The return on innovation is greatest when a successful experiment can be repeated on a larger scale. An interesting example of innovation can be found in the NEXT building in Eindhoven. This is part of a European innovation project and includes numerous aspects of sustainability, privacy and IT. Although it is a pilot, we immediately implemented the new applications in 90 apartments. “In such unique projects, not all solutions are scalable. However, individual elements can be implemented on a larger scale. In the case of NEXT, one example is the smart dishwasher that makes optimal use of the energy grid and a resident’s daily routine. In that sense, the NEXT project acts as a showcase for new developments and technologies that involve us deliberately going one step further,” Micha says.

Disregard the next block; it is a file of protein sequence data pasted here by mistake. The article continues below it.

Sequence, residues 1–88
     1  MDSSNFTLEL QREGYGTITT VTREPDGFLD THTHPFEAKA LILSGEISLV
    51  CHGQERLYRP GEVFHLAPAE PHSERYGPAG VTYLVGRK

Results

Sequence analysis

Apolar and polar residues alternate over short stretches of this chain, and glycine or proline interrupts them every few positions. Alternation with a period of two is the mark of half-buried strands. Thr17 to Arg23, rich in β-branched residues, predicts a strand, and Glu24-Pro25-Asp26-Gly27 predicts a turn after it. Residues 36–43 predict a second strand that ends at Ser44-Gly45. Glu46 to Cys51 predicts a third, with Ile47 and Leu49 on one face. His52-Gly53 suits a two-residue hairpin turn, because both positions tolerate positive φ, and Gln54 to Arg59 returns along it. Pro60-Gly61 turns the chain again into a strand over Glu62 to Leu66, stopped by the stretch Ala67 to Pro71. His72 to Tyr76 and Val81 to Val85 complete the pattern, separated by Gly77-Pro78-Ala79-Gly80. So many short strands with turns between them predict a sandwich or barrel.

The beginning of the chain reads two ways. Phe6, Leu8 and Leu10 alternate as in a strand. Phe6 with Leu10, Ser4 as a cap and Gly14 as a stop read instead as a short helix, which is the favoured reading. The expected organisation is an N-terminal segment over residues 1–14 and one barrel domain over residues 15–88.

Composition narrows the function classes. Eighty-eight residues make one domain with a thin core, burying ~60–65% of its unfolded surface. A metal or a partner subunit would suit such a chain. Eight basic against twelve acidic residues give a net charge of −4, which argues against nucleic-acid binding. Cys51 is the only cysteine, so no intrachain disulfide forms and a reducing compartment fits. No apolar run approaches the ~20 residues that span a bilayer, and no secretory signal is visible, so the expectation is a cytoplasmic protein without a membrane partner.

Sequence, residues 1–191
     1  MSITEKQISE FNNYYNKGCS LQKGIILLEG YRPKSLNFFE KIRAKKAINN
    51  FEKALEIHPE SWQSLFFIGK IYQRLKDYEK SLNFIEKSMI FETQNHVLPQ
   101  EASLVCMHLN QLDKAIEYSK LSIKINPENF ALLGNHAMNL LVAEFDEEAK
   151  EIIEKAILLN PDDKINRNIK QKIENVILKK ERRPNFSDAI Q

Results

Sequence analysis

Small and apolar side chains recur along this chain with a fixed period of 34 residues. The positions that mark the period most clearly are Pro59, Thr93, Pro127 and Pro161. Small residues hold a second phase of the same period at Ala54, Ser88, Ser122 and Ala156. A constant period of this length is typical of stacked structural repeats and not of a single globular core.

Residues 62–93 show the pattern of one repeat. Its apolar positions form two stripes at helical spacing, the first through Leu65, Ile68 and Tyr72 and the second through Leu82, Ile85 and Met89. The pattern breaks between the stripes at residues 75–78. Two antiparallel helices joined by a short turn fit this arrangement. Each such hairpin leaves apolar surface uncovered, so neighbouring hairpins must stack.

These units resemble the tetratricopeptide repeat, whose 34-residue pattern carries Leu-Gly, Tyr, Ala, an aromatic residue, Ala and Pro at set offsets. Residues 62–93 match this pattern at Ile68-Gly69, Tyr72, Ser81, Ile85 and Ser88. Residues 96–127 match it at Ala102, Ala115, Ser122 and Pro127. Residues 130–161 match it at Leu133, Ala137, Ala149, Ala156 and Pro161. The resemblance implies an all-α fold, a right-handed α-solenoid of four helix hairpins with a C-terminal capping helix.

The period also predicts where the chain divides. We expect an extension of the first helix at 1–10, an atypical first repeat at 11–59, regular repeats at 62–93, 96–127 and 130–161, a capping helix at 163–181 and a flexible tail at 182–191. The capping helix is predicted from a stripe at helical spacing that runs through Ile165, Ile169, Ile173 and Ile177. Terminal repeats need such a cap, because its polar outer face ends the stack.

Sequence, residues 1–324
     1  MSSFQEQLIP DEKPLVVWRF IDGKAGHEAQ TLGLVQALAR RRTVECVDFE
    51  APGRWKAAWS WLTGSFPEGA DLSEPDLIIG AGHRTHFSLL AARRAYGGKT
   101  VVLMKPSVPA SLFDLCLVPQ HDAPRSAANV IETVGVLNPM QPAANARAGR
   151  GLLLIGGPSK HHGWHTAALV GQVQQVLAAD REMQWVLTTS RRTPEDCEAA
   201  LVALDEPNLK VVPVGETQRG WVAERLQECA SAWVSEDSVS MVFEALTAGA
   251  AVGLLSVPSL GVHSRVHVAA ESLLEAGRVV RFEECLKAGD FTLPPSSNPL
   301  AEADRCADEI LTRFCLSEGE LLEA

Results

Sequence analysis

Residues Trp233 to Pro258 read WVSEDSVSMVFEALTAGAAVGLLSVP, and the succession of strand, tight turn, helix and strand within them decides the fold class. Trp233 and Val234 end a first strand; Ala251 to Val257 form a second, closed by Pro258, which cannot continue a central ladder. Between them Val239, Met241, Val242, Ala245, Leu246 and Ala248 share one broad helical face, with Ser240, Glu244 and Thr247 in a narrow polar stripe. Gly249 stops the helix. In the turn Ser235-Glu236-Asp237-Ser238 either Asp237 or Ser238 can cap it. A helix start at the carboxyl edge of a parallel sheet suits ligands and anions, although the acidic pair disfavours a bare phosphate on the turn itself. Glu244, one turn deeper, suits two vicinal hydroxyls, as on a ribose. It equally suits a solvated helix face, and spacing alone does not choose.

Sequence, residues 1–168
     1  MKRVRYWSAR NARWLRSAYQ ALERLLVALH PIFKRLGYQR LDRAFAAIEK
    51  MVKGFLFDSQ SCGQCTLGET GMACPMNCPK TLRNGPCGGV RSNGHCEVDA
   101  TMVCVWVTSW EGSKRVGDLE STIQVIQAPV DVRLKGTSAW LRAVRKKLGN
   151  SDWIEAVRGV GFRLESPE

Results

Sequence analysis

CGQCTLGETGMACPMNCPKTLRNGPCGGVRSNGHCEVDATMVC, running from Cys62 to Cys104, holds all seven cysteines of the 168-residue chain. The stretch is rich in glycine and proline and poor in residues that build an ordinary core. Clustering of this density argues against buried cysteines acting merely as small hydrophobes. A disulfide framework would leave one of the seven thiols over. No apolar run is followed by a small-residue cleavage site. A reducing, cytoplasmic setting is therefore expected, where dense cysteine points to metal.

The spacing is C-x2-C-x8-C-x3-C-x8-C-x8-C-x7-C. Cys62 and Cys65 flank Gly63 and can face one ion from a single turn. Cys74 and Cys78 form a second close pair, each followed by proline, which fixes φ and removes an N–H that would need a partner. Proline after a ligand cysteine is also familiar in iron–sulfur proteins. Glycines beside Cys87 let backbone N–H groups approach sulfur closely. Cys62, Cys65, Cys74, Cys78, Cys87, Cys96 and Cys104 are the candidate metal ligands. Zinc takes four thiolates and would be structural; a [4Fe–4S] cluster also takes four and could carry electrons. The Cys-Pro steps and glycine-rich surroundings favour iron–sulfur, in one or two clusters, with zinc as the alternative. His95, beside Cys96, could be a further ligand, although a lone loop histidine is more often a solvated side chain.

The pace of new developments is constantly increasing and the demand for smart solutions is on the rise. According to Micha and Gilles, there are still three specific fronts on which we can make or conduct research into additional gains. “Firstly, we have circularity, where we can take steps in the area of circular kitchens, materials passports and research into making circularity concrete in collaboration with clients. Secondly, we can use smart technology to make use of more data from buildings, so we can make better and faster decisions. In addition, (generative) artificial intelligence offers opportunities to increase effiency and create new solutions. This starts with determining how we can apply technology and identifying the user cases that are most relevant to Bouwinvest’s business. We are already working hard on this front.”